An orrery is a machine for predicting the movements of heavenly bodies. The oldest known orrery is the Antikythera Mechanism, created in Greece around 2100 years ago, and rediscovered in 1901 in a shipwreck near the island of Antikythera (hence its name). The high-quality and precision nature of its components would indicate that this device was not unique, since the making of high-quality mechanical components is not trivial, and is not usually achieved with just one attempt (something Charles Babbage found, and which delayed his development of computing machinery immensely).
It took until 2006 and the development of x-ray tomography for a plausible theory of the purpose and operations of the Antikythera Mechanism to be proposed (Freeth et al. 2006). The machine was said to be a physical examplification of late Greek theories of cosmology, in particular the idea that the motion of a heavenly body could be modeled by an epicycle – ie, a body traveling around a circle, which is itself moving around some second circle. This model provided an explanation for the fact that many heavenly bodies appear to move at different speeds at different times of the year, and sometimes even (appear to) move backwards.
There have been two recent developments: One is the re-creation of the machine (or, rather, an interpretation of it) using lego components.
The second has arisen from a more careful examination of the details of the mechanism. According to Marchant (2010), some people now believe that the mechanism examplifies Babylonian, rather than Greek, cosmology. Babylonian astronomers modeled the movements of heavenly bodies by assuming each body traveled along just one circle, but at two different speeds: movement in one period of the year being faster than during the other part of the year.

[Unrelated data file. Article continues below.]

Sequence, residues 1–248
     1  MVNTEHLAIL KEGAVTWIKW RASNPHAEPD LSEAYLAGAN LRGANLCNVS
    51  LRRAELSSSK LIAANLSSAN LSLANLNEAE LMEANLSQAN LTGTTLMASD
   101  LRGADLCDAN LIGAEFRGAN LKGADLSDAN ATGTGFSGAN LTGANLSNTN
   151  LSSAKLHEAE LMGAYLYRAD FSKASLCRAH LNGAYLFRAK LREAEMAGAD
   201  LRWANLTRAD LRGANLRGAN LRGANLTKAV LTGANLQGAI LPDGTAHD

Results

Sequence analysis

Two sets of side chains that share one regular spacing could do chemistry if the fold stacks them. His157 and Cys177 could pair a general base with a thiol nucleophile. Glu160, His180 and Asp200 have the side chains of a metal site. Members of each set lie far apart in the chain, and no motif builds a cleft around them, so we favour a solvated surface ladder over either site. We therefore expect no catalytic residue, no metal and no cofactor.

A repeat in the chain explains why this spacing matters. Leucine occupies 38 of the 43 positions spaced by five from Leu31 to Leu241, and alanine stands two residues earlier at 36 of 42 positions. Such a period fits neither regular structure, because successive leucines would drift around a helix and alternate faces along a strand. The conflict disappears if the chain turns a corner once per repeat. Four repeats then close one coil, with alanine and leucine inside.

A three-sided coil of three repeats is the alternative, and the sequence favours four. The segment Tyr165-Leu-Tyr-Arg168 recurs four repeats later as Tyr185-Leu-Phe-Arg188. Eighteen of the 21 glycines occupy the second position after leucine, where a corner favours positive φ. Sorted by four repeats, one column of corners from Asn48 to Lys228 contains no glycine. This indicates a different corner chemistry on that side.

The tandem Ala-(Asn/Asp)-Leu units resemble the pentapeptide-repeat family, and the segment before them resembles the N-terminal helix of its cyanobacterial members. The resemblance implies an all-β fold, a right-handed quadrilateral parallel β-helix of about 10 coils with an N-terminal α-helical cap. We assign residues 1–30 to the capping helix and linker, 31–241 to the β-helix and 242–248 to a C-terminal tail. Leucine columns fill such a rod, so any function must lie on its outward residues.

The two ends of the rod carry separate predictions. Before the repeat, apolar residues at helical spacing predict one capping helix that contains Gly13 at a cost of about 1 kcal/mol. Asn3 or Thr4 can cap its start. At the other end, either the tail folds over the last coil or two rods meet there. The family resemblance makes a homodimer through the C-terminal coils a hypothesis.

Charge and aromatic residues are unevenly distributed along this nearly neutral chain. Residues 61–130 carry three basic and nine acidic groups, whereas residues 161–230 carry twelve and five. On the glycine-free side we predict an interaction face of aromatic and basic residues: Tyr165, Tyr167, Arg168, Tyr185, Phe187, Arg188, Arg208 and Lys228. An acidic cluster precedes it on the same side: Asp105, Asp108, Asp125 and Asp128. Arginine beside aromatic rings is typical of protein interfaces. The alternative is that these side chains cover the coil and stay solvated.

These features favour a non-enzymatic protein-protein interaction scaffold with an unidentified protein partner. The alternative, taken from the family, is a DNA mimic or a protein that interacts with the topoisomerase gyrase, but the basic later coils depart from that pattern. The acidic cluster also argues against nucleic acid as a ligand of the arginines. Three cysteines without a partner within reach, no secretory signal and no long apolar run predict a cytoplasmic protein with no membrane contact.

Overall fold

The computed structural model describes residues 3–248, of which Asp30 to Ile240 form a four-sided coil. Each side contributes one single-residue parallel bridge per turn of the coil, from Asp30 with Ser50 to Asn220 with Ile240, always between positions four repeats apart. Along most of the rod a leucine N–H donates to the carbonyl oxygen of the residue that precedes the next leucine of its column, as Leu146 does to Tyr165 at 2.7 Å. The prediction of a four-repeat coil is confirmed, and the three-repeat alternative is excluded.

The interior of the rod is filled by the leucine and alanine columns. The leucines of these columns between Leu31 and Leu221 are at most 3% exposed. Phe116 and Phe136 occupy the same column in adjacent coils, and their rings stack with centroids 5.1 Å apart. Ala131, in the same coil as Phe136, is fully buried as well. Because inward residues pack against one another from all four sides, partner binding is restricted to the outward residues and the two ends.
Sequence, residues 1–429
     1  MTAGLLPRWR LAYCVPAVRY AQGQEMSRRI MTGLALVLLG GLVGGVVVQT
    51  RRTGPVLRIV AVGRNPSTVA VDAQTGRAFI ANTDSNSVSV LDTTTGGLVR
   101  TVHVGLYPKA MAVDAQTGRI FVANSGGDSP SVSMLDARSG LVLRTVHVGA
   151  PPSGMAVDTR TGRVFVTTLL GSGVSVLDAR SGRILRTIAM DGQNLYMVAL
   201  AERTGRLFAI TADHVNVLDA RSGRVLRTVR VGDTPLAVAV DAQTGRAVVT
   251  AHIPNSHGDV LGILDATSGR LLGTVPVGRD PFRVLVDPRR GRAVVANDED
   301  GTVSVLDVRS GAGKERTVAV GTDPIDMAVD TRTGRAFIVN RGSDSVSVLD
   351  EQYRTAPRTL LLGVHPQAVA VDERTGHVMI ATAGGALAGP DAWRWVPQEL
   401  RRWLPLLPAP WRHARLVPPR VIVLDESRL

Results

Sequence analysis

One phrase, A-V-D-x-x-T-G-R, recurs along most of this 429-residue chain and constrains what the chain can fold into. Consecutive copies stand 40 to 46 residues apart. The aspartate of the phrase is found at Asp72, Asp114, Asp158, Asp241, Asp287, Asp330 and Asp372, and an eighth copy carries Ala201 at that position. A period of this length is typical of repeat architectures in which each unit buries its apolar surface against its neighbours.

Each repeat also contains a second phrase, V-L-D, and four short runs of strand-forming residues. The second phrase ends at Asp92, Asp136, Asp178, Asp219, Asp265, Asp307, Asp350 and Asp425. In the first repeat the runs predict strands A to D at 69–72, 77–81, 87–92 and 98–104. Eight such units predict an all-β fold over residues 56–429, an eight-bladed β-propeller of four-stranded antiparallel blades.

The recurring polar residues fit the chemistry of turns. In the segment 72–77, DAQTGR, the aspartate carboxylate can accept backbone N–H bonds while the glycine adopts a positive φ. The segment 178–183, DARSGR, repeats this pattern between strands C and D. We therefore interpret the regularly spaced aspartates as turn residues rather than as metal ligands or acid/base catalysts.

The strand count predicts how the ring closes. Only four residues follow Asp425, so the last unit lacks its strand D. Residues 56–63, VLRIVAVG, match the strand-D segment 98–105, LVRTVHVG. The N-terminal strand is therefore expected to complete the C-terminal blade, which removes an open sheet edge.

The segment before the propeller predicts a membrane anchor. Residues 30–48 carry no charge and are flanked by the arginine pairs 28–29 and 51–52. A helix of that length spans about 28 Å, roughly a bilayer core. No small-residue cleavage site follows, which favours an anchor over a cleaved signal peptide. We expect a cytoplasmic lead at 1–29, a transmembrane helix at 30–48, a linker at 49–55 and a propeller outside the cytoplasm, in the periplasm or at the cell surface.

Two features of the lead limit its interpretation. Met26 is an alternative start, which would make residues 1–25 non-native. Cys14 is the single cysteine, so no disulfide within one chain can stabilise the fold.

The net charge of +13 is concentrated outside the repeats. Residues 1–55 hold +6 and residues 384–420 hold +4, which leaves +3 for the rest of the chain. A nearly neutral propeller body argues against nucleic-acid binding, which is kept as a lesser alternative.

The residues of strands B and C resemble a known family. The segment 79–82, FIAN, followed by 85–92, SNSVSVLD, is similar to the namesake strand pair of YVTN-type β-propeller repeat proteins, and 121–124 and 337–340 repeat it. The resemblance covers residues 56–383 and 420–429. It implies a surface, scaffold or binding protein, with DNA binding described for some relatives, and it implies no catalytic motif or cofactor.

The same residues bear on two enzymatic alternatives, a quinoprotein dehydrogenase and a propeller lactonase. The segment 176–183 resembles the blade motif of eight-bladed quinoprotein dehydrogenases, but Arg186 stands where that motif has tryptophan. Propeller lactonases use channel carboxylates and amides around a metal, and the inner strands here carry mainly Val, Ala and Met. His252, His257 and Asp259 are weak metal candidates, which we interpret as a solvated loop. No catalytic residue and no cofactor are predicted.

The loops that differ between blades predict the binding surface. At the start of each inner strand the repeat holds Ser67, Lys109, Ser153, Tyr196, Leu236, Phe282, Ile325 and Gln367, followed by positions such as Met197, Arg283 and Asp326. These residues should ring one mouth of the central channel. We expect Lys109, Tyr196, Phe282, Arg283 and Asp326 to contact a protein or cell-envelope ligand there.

If this second interpretation of the Antikythera Mechanism is correct, then perhaps it was the mechanism itself (or others like it) which gave late Greek astronomers the idea for an epicycle model. In support of this view is the fact that, apparently, gearing mechanisms and the epicycle model both appeared around the same time, with gears perhaps a little earlier. So late Greek cosmology (and perhaps late geometry) may have arisen in response to, or at least alongside, practical developments and physical models. New ideas in computing typically follow the same trajectory – first they exist in real, human-engineered, systems; then, we develop a formal, mathematical theory of them. Programmable machines, for instance, were invented in the textile industry in the first decade of the 19th century (eg, the Jacquard Loom), but a mathematical theory of programming did not appear until the 1960s. Likewise, we have had a fully-functioning, scalable, global network enabling multiple, asynchronous, parallel, sequential and interleaved interactions since Arpanet four decades ago, but we still lack a thorough mathematical theory of interaction.
And what have the Babylonians ever done for us? Apart from giving us our units for measuring of time (divided into 60) and of angles (into 360 degrees)?
T Freeth, Y Bitsakis, X Moussas, JH Seiradaki, A Tselikas, H Mangou, M Zafeiropoulou, R Hadland, D Bate, A Ramsey, M Allen, A Crawley, P Hockley, T Malzbender, D Gelb,W Ambrisco and MG Edmunds : Decoding the ancient Greek astronomical calculator known as the Antikythera Mechanism. Nature, 444 (30): 587-591. 30 November 2006.
J. Marchant : Mechanical inspiration. Nature, 468: 496-498. 25 November 2010.